Berlin Carpet Collection: A history

From the opulent courts of ancient empires to the hallowed halls of modern museums, carpets have long created important global and historical connections, linking people across time and space.

How did the carpet collection in Berlin became one of the most extensive and important collections in the world?

From von Bode’s private collection to a museum

Did you know that the current “Museum für Islamische Kunst” wasn’t always called that?

It first opened in 1904 – more than a hundred years ago - as the “Persian–Islamic Department” of the Kaiser Friedrich Museum, now the Bode Museum. The 8th-century Umayyad façade from the palace of Mshatta combined with twenty-one Persian and Anatolian carpets originally belonging to the museum’s founder, Wilhelm von Bode, formed the core of the Islamic collection and foundation of the new department.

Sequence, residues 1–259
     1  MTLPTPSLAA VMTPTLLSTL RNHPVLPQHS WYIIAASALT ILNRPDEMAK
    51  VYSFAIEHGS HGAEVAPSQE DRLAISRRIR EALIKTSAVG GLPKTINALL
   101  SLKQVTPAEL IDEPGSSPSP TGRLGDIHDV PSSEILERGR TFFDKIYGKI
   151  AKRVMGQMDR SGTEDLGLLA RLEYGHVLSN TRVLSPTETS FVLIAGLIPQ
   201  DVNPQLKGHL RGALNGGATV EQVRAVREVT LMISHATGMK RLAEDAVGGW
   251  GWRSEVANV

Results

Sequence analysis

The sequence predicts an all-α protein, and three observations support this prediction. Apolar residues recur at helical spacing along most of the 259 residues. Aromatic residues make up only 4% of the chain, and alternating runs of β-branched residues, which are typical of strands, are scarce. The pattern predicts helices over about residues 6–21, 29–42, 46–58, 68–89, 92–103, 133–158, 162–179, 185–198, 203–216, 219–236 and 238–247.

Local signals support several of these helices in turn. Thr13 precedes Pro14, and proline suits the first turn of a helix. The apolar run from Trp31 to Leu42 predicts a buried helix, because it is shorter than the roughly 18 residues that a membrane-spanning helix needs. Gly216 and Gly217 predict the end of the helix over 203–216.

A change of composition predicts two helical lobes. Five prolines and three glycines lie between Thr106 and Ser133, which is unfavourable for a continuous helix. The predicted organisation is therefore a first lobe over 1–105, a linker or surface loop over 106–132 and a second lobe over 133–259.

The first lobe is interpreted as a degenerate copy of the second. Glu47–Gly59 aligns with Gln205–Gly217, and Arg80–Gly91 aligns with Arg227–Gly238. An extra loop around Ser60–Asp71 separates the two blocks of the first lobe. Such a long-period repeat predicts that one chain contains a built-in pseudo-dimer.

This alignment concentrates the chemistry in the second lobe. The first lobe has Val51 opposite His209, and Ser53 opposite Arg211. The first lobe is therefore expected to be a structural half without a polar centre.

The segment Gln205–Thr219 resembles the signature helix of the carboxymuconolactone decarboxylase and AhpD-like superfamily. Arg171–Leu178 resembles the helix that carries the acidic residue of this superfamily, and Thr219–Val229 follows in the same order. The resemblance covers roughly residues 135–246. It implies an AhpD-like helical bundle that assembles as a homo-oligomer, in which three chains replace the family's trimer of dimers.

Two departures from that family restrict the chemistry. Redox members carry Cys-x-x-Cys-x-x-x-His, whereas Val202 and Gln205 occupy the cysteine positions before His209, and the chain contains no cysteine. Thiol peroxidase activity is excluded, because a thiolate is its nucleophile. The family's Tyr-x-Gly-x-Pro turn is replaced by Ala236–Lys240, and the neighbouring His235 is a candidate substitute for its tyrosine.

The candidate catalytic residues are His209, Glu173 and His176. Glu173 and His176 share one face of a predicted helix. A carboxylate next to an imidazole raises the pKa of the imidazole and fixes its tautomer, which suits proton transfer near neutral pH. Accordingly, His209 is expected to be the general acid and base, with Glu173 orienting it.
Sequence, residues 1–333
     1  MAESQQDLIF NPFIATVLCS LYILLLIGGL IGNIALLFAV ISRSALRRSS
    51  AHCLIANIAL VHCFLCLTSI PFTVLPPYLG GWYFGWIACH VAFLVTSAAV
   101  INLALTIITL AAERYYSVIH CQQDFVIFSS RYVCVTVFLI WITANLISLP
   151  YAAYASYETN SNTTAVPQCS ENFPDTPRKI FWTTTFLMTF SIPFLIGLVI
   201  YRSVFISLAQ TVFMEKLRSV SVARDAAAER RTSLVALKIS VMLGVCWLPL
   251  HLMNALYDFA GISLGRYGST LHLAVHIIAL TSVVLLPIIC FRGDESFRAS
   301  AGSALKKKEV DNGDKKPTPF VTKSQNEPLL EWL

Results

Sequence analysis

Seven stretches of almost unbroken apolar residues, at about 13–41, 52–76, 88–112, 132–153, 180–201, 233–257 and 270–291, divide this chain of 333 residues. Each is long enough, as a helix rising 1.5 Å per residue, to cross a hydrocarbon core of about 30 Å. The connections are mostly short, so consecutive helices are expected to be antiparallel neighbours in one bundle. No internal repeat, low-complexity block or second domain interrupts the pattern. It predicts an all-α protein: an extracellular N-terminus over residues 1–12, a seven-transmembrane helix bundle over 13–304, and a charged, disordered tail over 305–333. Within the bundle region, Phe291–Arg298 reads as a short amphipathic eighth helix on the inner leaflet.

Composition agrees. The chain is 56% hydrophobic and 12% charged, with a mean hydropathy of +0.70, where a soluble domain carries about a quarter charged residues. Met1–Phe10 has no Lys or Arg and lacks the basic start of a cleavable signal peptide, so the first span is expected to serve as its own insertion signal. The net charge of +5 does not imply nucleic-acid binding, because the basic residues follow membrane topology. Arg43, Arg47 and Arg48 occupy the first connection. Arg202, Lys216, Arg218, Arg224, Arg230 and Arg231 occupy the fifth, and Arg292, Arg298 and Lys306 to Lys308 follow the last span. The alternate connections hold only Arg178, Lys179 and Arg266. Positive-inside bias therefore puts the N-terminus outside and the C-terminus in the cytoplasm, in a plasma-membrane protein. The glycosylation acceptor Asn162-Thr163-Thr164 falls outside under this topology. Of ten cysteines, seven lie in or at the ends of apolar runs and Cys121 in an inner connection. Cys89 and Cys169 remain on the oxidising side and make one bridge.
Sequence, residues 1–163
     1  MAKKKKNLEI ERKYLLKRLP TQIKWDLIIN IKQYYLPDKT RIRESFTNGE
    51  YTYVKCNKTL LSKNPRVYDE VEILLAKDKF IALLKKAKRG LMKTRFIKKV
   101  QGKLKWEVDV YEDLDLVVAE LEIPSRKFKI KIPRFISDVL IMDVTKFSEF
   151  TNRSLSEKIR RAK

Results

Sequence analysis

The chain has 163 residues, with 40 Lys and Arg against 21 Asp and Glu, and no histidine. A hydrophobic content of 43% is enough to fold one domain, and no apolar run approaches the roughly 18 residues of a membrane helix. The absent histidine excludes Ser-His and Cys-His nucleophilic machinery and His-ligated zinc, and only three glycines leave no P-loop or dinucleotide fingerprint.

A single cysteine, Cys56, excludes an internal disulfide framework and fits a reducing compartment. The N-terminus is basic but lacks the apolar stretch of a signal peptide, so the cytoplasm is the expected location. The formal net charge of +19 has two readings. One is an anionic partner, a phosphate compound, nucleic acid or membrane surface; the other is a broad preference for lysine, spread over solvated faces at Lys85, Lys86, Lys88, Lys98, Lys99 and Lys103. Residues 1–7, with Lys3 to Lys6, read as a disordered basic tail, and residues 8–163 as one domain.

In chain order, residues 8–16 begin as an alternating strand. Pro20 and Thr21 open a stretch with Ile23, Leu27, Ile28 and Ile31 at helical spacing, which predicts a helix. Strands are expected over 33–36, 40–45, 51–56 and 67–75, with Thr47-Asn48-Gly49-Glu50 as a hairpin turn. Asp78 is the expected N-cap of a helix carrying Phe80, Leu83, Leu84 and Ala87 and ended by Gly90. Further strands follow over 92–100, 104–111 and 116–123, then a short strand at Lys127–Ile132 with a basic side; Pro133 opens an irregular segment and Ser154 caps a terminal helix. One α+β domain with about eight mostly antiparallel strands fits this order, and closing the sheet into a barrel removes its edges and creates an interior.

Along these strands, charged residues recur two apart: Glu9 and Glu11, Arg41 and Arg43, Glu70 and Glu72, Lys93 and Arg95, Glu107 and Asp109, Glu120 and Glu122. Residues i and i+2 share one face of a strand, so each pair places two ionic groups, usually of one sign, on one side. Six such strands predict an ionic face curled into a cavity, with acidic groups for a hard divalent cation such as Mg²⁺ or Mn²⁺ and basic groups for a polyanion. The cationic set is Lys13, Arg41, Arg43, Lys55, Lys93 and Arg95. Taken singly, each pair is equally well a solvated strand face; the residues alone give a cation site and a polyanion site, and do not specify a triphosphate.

Wilhem von Bode was an excellent connoisseur of European paintings and was familiar with so called 'oriental' carpets - pile or knotted carpets from the Islamic influenced regions as represented in these paintings. Bode developed an interest in such carpets early in his career. His contributions to the study and display of Islamic art and carpets significantly impacted the field of art history and museum studies.

Exhibition at the Kaiser Friedrich Museum, c. 1909–10 with large-format carpets on the walls and artworks in various materials in the showcases including the Bode animal carpet (center) and Caucasian Dragon carpet (right).

Carpets in Medieval Masterpieces

In European paintings, knotted carpets from the Islamic influenced regions were frequently depicted as decorative table covers, at the feet of a Madonna or an earthly ruler, or dramatically draped over balcony parapets and windowsills.

Bode set out in search of these carpets and paintings through churches, palazzis and art markets seeking out the best examples he could find. He found carpets related to those in the paintings on his forays through Italian churches and palazzi or in the art trade. He acquired these for himself, interested collectors and Kunstgewerbemuseum.